By Jayne Hanson
It is among the Havasu Pioneers Reunion members where Lake Havasu City’s possibly only and first urban legend originates – the arrival of Havasu’s first fly that was brought to town by the circus. Even without a date, the circumstance is just one story that coaxes the nostalgia that draws them to gather.
“It’s the history and love of the town,” said Toni Trembley-Ade, Havasu Pioneers Reunion president, “It’s about honoring those first-generation pioneers. They’re very proud because the Havasu pioneers now are on their fifth-generation.”
In all, about 250 Havasu pioneers turned up for a luncheon at London Bridge Convention Center on Saturday in Lake Havasu City. To be considered a true Havasu pioneer, an individual would’ve moved to town between 1963 and 1973. The reunion is every two years and has grown from yesteryear’s casual get-together to an organized, large-scale reunion today.
Trembley-Ade, a second-generation Havasu Pioneer, was 13 years old when she arrived alongside her parents in 1971. She recalls eighth-grade graduations being held in Wheeler Park until the London Bridge was completed and dedicated in 1971. Then it was there the community celebrated such milestones, including Trembley-Ade’s class graduation from Lake Havasu City High School in 1976.
“The population is a big change,” Trembley-Ade said of Havasu. “The Nautical was the public beach back then, it was the best in town. Ask anyone in the 1970s, they had grass and an air-conditioned beach.”
The novelty simply was misters in the trees but The Nautical used it as an advertisement hook, she said.
“Rotary Park wasn’t a developed area, it was all tullies,” Trembley-Ade said. “We would drive our cars right down to the beach and would tailgate there at the beach.”
Havasu Pioneer Carol Boyce (Iram) was 14 years old when she moved to Havasu from Oregon. Her step-father was Captain Paul Kirk, the first Harbor Master in the late 1960s.
“It was at Site Six, there was a tour boat that he would take the people around who flew in on the McCulloch flights,” Boyce said. “I used to babysit for them, too.”
Boyce recalled travelling by bus to Kingman to attend high school. On school days, it was a 6 a.m. departure that put them in Kingman about 7:30 a.m. just before school started at 8 o’clock. Afterwards, the Havasu students waited for their bus to deliver the Kingman students home before swinging back by to load up for the Havasu run. They generally would arrive home in Havasu by 6 p.m.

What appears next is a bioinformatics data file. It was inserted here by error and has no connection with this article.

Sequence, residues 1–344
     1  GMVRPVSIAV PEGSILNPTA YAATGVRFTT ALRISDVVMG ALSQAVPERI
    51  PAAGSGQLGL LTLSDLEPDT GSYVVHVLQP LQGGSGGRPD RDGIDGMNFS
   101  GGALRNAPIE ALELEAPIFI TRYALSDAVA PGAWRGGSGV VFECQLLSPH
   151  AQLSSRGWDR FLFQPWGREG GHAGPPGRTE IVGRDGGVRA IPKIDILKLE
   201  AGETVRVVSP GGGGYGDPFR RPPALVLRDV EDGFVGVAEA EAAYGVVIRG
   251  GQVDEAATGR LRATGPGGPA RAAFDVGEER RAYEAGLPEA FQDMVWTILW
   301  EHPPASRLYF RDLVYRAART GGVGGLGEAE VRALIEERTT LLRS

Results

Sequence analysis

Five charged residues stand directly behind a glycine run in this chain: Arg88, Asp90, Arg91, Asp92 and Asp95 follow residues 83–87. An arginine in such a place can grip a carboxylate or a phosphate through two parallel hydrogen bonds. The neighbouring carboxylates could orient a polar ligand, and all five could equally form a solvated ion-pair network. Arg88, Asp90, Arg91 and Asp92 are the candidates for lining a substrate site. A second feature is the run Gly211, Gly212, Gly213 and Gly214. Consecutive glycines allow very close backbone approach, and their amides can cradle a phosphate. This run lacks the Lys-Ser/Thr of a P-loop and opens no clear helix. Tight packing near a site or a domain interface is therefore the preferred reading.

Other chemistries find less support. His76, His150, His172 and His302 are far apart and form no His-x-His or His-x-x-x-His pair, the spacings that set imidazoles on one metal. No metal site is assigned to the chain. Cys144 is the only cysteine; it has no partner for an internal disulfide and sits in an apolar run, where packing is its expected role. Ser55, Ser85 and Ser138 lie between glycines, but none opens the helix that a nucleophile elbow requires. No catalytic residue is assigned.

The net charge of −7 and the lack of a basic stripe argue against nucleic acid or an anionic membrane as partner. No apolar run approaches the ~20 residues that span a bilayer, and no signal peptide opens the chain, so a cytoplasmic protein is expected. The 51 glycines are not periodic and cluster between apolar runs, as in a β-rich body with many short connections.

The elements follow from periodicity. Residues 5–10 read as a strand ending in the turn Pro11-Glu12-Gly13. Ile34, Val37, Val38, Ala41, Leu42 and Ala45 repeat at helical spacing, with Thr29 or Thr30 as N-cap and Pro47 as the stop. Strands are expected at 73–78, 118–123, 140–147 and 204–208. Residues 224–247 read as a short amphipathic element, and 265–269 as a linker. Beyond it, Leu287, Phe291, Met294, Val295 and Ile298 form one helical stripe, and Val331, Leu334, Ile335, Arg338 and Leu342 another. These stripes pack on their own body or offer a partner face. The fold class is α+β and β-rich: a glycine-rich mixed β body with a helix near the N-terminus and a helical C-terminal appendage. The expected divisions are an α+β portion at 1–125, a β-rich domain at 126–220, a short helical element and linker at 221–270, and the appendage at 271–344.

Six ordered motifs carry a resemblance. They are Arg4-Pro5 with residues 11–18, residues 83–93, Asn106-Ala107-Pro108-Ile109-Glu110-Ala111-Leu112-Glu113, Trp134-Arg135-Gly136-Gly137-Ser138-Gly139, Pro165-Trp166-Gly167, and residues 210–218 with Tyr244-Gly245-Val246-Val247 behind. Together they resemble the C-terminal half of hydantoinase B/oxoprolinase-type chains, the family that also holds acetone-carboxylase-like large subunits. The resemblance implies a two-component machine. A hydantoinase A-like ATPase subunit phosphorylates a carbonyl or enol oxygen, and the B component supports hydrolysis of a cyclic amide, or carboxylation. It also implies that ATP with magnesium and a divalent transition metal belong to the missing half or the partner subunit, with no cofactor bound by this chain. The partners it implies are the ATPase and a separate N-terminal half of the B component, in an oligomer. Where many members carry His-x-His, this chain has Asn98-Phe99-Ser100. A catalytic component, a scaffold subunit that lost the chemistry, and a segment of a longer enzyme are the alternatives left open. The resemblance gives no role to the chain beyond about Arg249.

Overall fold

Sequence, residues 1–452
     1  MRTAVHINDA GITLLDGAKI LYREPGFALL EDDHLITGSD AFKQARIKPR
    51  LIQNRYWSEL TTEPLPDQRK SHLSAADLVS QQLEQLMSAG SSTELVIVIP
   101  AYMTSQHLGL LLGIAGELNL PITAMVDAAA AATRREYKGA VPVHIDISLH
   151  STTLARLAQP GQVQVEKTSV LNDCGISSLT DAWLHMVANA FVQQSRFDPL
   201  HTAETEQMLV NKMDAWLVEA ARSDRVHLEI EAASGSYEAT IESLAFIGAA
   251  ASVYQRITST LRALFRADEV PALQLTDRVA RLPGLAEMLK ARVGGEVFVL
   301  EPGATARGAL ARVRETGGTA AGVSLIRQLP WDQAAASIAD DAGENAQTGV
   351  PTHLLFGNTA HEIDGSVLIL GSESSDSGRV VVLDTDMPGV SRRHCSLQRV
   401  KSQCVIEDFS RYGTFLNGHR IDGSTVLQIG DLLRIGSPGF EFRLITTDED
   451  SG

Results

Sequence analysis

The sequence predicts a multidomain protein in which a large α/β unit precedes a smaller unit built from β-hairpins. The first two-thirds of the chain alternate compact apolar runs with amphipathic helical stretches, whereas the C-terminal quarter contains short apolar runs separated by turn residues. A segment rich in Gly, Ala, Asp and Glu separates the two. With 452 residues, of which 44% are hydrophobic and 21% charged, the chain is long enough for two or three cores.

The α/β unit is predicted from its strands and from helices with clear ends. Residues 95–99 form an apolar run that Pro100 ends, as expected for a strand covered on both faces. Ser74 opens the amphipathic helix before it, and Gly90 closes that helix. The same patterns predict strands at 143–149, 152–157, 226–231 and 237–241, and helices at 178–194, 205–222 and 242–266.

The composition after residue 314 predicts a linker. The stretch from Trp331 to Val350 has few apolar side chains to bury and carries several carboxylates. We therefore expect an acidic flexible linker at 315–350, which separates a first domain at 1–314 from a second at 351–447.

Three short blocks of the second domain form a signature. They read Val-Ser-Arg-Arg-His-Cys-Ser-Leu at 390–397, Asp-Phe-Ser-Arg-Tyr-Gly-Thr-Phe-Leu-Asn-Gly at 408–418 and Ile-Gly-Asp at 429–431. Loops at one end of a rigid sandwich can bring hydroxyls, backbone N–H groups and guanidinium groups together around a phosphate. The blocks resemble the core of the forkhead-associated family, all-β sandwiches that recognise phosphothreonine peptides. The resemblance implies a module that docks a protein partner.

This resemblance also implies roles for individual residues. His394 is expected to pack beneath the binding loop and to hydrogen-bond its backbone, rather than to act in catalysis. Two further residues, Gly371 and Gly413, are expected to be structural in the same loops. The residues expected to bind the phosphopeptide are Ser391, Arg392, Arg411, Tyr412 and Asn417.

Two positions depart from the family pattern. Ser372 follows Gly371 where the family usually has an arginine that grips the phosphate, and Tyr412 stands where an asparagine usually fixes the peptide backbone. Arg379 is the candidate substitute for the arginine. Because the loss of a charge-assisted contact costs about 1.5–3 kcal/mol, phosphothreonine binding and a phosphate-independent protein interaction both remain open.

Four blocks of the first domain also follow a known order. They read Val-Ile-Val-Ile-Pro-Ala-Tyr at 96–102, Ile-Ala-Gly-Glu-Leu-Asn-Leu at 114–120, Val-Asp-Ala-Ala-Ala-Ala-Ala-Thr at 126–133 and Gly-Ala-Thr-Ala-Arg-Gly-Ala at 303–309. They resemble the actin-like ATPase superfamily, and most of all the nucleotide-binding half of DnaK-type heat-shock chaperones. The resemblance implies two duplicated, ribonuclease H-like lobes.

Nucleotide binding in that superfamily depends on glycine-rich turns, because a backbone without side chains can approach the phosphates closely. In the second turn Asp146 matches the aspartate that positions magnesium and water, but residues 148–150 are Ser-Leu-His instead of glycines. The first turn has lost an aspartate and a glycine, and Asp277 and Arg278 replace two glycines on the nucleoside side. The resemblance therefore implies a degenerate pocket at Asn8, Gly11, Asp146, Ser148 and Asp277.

“That bus was my social life,” Boyce said. “It was a fun place to grow up. It was fun being a teenager here with school and boating and swimming and babysitting.”
Boyce travelled from Massachusetts to attend the reunion.
Margy Sterling, a first-generation Havasu Pioneer arrived in Havasu in 1964 when her husband was contracted out of Phoenix to build 10 new homes here. At the time, she was in her late 20s with two young sons. Two years later, she had to travel to Kingman for the birth of her daughter in 1966 because it was before Havasu had a hospital.
“We spent a lot of time on the Lake in a cabin cruiser,” Sterling said. “We would look back from the California-side of the Lake and we would see one or two or three houselights is all.”
Sterling recalled boating to the California-side where a restaurant served a good burger and housed a pool table. The cabin cruising friends were soon joined by a double-decker paddle-wheel boat that was often the center of social get-togethers among her clan.
“There was nothing else to do here, we lived on the Lake doing barbecues and such,” Sterling said. Sterling’s late-husband Jim Sterling was a Mohave County Supervisor in the mid 1970s and helped to bring Havasu’s first stoplight to town on McCulloch near London Bridge, she said. Jim “Jimmy” Sterling also was responsible for electrically wiring London Bridge – and he did so without schematics. Jim Sterling, 92, passed away in August 2019. Margy continues to live in Havasu.